(This article belongs to the Special Issue Prions and Prion-like Transmissible Protein Pathogens)
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Open AccessReview
Mosquito-Borne Diseases Emergence/Resurgence and How to Effectively Control It Biologically
Pathogens 2020, 9(4), 310; https://doi.org/10.3390/pathogens9040310 - 23 Apr 2020
Viewed by 547
Abstract
Deadly pathogens and parasites are transmitted by vectors and the mosquito is considered the most threatening vector in public health, transmitting these pathogens to humans and animals. We are currently witnessing the emergence/resurgence in new regions/populations of the most important mosquito-borne diseases, such [...] Read more.
Deadly pathogens and parasites are transmitted by vectors and the mosquito is considered the most threatening vector in public health, transmitting these pathogens to humans and animals. We are currently witnessing the emergence/resurgence in new regions/populations of the most important mosquito-borne diseases, such as arboviruses and malaria. This resurgence may be the consequence of numerous complex parameters, but the major cause remains the mismanagement of insecticide use and the emergence of resistance. Biological control programmes have rendered promising results but several highly effective techniques, such as genetic manipulation, remain insufficiently considered as a control mechanism. Currently, new strategies based on attractive toxic sugar baits and new agents, such as Wolbachia and Asaia, are being intensively studied for potential use as alternatives to chemicals. Research into new insecticides, Insect Growth Regulators, and repellent compounds is pressing, and the improvement of biological strategies may provide key solutions to prevent outbreaks, decrease the danger to at-risk populations, and mitigate resistance. Full article
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Open AccessArticle
Resistance of Tick Gut Microbiome to Anti-Tick Vaccines, Pathogen Infection and Antimicrobial Peptides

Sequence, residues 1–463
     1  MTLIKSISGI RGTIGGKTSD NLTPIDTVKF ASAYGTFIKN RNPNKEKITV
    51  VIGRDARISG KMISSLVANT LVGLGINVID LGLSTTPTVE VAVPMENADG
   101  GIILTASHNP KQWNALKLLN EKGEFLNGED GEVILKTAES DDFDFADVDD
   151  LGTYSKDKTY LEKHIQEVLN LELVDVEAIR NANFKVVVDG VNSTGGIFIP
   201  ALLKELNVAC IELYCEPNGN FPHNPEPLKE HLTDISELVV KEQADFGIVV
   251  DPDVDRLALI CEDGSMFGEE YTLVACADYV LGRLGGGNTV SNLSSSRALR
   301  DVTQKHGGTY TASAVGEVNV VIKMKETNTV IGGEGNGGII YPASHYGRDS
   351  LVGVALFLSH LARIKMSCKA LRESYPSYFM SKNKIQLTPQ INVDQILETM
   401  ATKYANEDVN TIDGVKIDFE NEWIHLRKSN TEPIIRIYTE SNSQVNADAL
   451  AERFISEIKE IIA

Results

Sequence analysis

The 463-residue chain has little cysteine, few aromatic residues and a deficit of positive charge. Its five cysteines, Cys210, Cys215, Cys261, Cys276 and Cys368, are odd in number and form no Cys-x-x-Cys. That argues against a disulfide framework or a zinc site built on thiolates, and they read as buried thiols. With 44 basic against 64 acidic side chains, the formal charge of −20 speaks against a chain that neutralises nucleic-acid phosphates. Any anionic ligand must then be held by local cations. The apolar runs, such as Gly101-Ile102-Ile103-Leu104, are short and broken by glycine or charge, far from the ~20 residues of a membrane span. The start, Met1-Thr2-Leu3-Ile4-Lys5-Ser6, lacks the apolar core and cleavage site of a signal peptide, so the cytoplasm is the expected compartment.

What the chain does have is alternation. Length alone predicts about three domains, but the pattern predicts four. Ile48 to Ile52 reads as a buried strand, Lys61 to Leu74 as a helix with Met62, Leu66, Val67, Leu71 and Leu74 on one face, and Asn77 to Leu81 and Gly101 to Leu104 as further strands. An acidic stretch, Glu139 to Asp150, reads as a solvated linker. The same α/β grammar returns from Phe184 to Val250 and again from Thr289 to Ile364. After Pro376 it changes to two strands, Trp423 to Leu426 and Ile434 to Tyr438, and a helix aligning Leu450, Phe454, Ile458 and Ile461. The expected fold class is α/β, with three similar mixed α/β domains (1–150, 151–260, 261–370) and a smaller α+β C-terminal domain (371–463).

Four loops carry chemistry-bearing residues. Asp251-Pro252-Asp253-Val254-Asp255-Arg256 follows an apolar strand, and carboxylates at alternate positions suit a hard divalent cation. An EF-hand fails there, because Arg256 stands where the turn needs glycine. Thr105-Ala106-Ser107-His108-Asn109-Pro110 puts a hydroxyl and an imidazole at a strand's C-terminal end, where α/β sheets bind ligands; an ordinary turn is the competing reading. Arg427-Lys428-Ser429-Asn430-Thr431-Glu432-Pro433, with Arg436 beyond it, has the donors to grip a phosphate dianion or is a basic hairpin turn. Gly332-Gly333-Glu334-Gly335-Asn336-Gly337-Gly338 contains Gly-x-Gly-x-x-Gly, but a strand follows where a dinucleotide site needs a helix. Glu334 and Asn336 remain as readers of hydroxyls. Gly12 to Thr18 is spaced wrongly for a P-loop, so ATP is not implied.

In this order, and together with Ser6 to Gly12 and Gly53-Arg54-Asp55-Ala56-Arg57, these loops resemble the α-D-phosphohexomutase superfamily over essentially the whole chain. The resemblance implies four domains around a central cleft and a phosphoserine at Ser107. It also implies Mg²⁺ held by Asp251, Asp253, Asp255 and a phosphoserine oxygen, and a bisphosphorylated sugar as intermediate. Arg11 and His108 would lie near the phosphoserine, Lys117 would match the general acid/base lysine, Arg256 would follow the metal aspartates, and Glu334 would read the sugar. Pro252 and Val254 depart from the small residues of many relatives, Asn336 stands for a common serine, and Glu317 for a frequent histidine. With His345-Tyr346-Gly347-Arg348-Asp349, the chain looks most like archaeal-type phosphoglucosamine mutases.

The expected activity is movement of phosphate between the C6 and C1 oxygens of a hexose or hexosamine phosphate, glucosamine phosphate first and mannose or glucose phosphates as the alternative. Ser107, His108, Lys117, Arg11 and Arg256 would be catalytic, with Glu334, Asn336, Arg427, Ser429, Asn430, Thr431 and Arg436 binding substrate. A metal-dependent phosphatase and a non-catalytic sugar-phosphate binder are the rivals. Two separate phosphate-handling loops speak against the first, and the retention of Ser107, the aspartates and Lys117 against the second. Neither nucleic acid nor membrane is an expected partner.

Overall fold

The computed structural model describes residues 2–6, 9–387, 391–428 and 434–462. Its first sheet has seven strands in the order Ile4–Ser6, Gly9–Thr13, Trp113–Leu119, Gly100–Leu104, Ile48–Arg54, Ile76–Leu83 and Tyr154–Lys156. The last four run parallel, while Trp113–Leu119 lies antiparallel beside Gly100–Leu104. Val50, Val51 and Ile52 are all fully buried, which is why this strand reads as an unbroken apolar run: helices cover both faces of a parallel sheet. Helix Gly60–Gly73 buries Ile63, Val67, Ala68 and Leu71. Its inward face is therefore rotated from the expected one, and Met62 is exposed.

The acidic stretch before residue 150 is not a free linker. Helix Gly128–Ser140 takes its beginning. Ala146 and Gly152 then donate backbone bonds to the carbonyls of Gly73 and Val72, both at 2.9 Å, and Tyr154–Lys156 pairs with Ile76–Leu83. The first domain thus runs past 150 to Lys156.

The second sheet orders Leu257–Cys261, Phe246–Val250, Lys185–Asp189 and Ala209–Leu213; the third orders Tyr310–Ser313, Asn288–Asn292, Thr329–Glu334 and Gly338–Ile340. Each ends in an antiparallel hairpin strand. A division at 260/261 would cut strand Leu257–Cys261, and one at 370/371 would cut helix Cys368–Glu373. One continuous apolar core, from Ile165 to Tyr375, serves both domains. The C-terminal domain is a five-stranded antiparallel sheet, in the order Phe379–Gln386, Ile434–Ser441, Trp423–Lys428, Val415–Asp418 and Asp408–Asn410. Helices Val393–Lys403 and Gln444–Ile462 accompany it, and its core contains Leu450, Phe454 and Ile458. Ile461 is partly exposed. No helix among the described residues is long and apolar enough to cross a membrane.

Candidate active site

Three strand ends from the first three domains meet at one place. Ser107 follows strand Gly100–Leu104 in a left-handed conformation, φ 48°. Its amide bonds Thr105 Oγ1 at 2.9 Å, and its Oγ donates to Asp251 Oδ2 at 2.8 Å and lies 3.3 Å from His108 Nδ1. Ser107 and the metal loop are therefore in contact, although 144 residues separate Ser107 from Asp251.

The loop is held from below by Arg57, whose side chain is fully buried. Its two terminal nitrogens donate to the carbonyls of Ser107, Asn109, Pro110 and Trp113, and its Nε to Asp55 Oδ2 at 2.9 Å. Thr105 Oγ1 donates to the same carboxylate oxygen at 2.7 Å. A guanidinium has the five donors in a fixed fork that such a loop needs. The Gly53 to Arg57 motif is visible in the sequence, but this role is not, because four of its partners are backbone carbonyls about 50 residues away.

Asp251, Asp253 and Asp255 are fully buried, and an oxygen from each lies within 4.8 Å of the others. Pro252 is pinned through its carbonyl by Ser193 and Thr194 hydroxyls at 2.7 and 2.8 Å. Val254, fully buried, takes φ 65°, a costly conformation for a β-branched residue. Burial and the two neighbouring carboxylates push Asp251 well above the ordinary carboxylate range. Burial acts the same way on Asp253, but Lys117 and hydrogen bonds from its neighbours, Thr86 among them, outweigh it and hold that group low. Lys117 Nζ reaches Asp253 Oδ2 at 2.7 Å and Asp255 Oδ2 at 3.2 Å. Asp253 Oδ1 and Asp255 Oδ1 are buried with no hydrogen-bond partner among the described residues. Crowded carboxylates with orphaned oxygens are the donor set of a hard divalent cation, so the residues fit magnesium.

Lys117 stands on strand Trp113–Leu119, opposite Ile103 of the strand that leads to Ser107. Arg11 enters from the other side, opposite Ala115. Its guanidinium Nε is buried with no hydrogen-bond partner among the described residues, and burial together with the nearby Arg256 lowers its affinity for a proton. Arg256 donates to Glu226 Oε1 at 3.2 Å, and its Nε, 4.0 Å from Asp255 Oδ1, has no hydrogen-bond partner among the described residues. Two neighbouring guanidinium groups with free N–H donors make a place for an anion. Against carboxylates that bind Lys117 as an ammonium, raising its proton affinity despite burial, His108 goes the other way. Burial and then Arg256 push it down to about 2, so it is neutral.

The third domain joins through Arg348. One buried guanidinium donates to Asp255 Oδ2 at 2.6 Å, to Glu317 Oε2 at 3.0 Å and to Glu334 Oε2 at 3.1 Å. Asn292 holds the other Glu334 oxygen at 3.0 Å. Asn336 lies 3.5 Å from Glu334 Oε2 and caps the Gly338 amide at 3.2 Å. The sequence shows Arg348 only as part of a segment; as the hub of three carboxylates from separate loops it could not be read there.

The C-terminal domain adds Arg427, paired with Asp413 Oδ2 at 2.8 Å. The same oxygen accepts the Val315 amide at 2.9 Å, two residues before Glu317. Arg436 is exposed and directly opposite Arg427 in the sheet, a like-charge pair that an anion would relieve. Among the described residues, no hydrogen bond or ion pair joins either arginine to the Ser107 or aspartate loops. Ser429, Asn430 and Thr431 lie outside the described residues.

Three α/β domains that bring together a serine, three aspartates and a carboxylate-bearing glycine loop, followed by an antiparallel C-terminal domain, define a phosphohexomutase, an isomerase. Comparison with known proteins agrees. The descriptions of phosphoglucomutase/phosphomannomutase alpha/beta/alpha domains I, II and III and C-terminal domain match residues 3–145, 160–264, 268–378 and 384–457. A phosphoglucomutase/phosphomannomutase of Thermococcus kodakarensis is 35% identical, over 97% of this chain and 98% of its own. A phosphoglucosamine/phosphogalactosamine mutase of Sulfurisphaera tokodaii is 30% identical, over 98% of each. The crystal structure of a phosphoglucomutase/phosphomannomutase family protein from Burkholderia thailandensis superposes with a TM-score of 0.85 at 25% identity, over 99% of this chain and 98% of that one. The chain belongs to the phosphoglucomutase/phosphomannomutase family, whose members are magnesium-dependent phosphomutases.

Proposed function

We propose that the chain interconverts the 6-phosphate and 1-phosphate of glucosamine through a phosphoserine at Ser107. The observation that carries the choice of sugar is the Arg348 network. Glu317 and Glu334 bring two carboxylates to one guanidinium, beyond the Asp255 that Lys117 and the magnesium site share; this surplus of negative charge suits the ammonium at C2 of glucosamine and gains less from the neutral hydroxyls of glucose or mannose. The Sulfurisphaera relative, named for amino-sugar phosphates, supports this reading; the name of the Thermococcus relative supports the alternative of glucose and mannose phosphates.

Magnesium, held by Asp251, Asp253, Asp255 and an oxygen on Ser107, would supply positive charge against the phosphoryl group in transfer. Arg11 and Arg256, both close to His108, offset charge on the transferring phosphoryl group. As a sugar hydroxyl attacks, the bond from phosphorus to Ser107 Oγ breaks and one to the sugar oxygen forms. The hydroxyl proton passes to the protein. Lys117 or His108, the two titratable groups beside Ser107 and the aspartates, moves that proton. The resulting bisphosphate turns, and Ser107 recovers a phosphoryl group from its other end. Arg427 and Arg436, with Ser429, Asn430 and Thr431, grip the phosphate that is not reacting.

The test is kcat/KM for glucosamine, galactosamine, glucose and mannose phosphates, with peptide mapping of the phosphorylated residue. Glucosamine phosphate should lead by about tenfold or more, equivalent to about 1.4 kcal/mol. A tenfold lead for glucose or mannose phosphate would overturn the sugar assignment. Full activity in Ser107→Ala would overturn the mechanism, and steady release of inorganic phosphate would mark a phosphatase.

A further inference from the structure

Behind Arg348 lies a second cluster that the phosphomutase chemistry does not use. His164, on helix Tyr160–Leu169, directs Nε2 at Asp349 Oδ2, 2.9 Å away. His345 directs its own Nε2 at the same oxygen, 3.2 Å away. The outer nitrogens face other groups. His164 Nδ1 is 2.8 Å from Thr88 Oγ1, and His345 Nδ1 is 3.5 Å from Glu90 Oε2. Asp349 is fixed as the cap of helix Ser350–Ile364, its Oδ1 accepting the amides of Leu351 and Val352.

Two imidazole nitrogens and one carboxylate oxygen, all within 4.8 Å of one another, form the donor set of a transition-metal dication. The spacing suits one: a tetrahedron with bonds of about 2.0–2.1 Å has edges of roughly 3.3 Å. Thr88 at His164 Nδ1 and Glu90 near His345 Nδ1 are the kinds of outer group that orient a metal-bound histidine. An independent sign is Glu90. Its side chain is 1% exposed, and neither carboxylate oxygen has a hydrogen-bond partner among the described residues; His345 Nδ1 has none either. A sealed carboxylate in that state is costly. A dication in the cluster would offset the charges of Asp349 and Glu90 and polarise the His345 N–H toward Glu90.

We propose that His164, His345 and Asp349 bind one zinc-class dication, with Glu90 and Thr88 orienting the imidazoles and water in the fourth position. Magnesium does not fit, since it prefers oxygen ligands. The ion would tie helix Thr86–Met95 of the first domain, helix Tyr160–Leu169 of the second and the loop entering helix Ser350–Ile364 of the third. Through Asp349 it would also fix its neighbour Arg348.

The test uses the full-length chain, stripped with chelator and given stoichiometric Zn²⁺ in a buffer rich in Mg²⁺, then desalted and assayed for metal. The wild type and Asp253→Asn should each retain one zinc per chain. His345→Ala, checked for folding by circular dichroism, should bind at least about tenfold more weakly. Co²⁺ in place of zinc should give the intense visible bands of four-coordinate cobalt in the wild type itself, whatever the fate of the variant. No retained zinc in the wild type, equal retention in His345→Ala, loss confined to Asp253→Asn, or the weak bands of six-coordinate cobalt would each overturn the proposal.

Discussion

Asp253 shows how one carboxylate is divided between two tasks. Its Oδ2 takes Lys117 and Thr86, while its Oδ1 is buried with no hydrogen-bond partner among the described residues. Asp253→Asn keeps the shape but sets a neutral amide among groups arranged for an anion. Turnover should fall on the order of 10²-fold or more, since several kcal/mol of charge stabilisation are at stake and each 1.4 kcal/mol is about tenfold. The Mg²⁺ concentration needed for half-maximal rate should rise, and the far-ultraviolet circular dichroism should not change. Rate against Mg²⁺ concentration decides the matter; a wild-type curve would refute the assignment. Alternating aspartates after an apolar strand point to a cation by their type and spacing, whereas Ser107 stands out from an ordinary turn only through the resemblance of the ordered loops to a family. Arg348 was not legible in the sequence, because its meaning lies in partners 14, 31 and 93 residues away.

Pathogens 2020, 9(4), 309; https://doi.org/10.3390/pathogens9040309 - 22 Apr 2020
Viewed by 619
Abstract
Ixodes scapularis ticks harbor microbial communities including pathogenic and non-pathogenic microbes. Pathogen infection increases the expression of several tick gut proteins, which disturb the tick gut microbiota and impact bacterial biofilm formation. Anaplasma phagocytophilum induces ticks to express I. scapularis antifreeze glycoprotein (IAFGP), [...] Read more.
Ixodes scapularis ticks harbor microbial communities including pathogenic and non-pathogenic microbes. Pathogen infection increases the expression of several tick gut proteins, which disturb the tick gut microbiota and impact bacterial biofilm formation. Anaplasma phagocytophilum induces ticks to express I. scapularis antifreeze glycoprotein (IAFGP), a protein with antimicrobial activity, while Borrelia burgdorferi induces the expression of PIXR. Here, we tested the resistance of I. scapularis microbiome to A. phagocytophilum infection, antimicrobial peptide IAFGP, and anti-tick immunity specific to PIXR. We demonstrate that A. phagocytophilum infection and IAFGP affect the taxonomic composition and taxa co-occurrence networks, but had limited impact on the functional traits of tick microbiome. In contrast, anti-tick immunity disturbed the taxonomic composition and the functional profile of tick microbiome, by increasing both the taxonomic and pathways diversity. Mechanistically, we show that anti-tick immunity increases the representation and importance of the polysaccharide biosynthesis pathways involved in biofilm formation, while these pathways are under-represented in the microbiome of ticks infected by A. phagocytophilum or exposed to IAFGP. These analyses revealed that tick microbiota is highly sensitive to anti-tick immunity, while it is less sensitive to pathogen infection and antimicrobial peptides. Results suggest that biofilm formation may be a defensive response of tick microbiome to anti-tick immunity. Full article
(This article belongs to the Special Issue New Frontiers in Tick Research)
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Open AccessReview
Effects of Mycoplasmas on the Host Cell Signaling Pathways
Pathogens 2020, 9(4), 308; https://doi.org/10.3390/pathogens9040308 - 22 Apr 2020
Viewed by 417
Abstract
Mycoplasmas are the smallest free-living organisms. Reduced sizes of their genomes put constraints on the ability of these bacteria to live autonomously and make them highly dependent on the nutrients produced by host cells. Importantly, at the organism level, mycoplasmal infections may cause [...] Read more.